The Royals have an extremely bifurcated offense, with three players projected to be solidly above league-average in Adalberto Mondesi, Salvador Perez, and Whit Merrifield, and a fairly large gulf before the next tier of KC hitters. If the Royals were really going the full rebuild route, you’d see Perez and Merrifield — entering their age-29 and -30 seasons respectively — on other teams’ lists, but the Royals seem content to go the “sorta” rebuild route.
Given how thin their talent is, it’s hard to see them having much success going this route and as such, Perez and Merrifield are likely to be either in their declines or in other organizations by the time the performance matters. Winning 72 games instead of 64 in 2019 isn’t going to jumpstart anything.
Jeffrey Flanagan sits down with relief prospect Walker Sheller:
In the Royals organization, who have you learned the most from?
Sheller: ”Everyone. But if I had to pick one guy, it would be Nick Dini. We were roommates. He’s a catcher who deals with pitching and hitting, so being able to talk to him about what works best in facing batters, different tendencies, that helps. I think Nick and I have had the best conversations on how to better ourselves.”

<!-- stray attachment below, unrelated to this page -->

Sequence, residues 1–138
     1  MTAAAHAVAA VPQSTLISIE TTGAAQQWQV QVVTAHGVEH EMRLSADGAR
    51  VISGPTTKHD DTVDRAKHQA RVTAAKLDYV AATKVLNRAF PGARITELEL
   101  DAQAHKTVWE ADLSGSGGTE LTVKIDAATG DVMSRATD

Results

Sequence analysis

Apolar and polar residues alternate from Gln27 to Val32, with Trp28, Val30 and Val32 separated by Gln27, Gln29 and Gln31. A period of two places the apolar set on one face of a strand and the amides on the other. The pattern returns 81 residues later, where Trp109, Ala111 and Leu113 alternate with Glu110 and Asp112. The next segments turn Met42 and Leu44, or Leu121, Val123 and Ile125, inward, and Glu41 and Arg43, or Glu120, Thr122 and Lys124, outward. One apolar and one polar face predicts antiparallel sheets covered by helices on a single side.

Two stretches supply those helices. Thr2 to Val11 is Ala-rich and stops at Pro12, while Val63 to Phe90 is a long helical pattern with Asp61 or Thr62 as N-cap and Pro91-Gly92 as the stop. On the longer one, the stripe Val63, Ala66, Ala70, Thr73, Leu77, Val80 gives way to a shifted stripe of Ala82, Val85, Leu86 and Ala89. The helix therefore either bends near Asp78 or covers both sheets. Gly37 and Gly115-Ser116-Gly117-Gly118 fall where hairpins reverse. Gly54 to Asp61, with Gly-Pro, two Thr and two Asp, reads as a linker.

Oh, so not a coach? Cool. Cool cool cool. Nothing broken here.
In Kiley McDaniel’s chat at FanGraphs yesterday, a user asked about the Royals’ 2018 pitching draft class:
Wendall: How excited should Royals fans be about their young arms? Could Lynch, Kowar, Singer, De La Rosa, etc… accelerate the rebuild? Potential for a 2015 Mets type impact in 2020?
Kiley McDaniel: Early returns sound positive, but doesn’t seem like a rare, once every 5-10 years group of talent. But to have that months after the draft would mean the other 29 teams all drafted pretty poorly. You’re lucky to get one 1st rounder that was misjudged this quickly (like Nate Pearson the year before)
Al Melchior looks at the Royals relievers who could be fantasy options this year.
MJ Melendez made MLB Pipeline’s list of top 10 catching prospects in the game.
At RFR, joshkeiser40 [what weird parents named their kid that?] looks at what it would be like to eat Jecksson Flores.
At BP, Aaron Gleeman uses PECOTA to project future Royals Bryce Harper and Manny Machado for the next ten years.
Oregon’s first husband cleaned a park bathroom at Mount Hood and sent the bill to a certain man in Washington.
Is Spotify wiping out music’s middle class?
There will be a documentary premiering at SXSW about Brainiac, the ‘90s synth-punk band that was on the verge of breaking big when tragedy struck. Titled Brainiac: Transmissions from Zero, it features a slew of your favorite figures from the indie scene past and present. For more on the band from the musicians who insist they were vital, go here.